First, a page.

After years of holding their tongues,a few Republicans have started to separate themselves from President Trump and his possible political collapse, focusing on his carelessness with the virus.
Why it matters: A senior Republican official told me this is less about shaping this election, and more about preparing for the aftermath.
Most notably, Senate Majority Leader Mitch McConnell said in Kentucky on Thursday: "I haven't been to the White House since August the 6th."
- "I personally didn't feel that they were approaching the protection from this illness in the same way that I thought was appropriate for the Senate [masks and distancing] ... I think we've shown that ... we can function safely." Video.
Also this week, in her sole face-to-face debate, embattled Sen. Martha McSally (R-Ariz.), pressed repeatedly, wouldn't say whether she's proud of her support for Trump, CNN reported. Sen. Thom Tillis (R-N.C), who's in one of the closest Senate races, acknowledged in an interview with WRAL TV that he erred in going without a mask at a White House reception that has been linked to a cluster of cases, including his own.
- "It's just another experience that tells me: Even when you think you're in a safe setting, you should always wear a mask," Tillis said.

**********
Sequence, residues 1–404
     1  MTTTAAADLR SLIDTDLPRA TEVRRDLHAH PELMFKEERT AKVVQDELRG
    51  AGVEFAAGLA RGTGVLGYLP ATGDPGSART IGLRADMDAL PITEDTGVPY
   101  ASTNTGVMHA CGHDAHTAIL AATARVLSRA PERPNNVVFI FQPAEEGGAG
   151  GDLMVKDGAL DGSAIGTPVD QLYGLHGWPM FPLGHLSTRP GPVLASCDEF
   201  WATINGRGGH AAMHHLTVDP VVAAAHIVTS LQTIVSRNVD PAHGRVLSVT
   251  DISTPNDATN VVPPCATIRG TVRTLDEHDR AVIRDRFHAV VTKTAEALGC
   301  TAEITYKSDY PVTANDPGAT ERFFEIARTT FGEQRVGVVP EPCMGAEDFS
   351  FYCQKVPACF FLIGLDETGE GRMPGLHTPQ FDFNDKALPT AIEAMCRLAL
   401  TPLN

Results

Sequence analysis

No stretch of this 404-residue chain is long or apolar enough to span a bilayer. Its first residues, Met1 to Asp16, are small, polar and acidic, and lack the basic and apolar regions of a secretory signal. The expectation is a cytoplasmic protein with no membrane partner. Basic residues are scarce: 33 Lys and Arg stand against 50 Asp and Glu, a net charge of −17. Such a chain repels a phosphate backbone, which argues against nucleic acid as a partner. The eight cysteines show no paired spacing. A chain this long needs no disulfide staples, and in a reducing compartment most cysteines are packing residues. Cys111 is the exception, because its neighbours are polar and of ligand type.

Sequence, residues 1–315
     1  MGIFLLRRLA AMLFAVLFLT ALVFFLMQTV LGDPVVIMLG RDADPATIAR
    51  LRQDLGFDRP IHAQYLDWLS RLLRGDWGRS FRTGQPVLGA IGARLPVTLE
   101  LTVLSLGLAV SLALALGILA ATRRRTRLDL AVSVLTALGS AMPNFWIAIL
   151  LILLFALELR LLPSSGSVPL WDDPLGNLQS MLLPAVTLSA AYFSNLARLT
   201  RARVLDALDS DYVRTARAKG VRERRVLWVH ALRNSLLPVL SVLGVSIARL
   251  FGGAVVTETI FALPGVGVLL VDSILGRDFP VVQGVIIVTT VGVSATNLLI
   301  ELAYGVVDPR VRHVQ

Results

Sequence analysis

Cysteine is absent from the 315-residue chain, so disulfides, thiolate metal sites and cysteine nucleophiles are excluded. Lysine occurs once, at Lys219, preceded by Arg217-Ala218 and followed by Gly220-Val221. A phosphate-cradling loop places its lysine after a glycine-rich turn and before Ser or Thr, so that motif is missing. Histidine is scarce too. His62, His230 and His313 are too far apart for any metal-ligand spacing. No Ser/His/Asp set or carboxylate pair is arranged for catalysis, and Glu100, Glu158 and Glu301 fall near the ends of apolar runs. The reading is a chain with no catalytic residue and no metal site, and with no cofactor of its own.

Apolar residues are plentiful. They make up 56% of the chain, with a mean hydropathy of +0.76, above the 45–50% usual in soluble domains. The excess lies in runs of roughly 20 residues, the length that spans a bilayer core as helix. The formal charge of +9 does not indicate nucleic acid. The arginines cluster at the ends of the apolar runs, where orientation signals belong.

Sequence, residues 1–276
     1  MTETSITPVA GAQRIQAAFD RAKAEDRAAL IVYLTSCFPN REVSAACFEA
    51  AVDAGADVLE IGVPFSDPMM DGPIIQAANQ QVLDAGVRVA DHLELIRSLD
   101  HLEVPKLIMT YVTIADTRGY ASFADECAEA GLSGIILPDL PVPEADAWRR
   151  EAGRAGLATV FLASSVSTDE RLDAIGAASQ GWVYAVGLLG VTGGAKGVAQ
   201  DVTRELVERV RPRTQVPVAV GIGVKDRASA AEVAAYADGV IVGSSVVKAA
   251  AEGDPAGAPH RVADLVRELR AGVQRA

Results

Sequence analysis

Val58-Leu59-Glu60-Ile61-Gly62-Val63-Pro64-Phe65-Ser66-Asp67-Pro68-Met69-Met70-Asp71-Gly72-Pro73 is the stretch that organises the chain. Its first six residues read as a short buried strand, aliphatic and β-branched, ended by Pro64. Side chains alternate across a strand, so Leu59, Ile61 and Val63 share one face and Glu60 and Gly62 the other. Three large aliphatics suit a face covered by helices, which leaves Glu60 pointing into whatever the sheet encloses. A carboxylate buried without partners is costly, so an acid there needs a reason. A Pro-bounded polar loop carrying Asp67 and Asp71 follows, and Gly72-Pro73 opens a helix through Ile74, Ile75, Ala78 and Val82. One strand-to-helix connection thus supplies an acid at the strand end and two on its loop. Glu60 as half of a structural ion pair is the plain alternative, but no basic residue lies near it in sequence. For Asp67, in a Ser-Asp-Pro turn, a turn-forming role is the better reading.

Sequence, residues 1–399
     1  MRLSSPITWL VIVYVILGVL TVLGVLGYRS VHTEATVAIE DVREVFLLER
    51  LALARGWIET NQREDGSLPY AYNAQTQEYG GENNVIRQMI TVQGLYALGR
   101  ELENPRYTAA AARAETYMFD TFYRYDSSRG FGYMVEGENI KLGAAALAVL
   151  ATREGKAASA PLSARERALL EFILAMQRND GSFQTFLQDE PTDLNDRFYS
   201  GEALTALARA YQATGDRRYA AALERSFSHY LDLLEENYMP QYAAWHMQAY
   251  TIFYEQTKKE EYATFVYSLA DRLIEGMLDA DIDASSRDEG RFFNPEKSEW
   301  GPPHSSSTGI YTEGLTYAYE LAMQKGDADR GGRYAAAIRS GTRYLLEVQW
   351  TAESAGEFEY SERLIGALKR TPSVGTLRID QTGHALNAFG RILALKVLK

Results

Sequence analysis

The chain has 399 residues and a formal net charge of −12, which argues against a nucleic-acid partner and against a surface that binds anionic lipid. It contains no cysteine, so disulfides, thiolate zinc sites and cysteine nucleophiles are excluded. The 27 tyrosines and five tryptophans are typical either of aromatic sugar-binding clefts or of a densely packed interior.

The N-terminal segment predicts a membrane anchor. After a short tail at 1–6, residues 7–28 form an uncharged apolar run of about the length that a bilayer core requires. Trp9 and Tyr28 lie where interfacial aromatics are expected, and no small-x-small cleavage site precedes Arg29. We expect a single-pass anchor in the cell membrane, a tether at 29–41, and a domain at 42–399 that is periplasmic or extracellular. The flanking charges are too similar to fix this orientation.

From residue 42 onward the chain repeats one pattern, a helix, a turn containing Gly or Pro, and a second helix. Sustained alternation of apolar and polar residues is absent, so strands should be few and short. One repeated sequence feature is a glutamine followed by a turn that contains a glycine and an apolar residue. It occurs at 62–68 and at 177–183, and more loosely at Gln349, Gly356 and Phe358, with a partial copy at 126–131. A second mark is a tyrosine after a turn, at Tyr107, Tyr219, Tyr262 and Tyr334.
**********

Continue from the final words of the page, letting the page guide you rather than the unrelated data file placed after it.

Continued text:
Between the lines: Some top Republicans poured cold water on the idea that there's any point in Senate Republicans trying some dramatic new distancing.
- But Politico noted: "Trump is simply too consumed by the resident chaos all around his West Wing in the closing weeks of his own reelection campaign to carry out punitive measures against GOP disloyalists."
- And one experienced Republican consultant told me this may only be the beginning: "There will be a lot of finger points & backstabbing in next several weeks."
The bottom line, from Hans Nichols: Most Republican consultants fear that the White House is gone — they're pinning their hopes on the Senate. The last week has only made that clearer.
Jonathan Swan and Alayna Treene contributed reporting.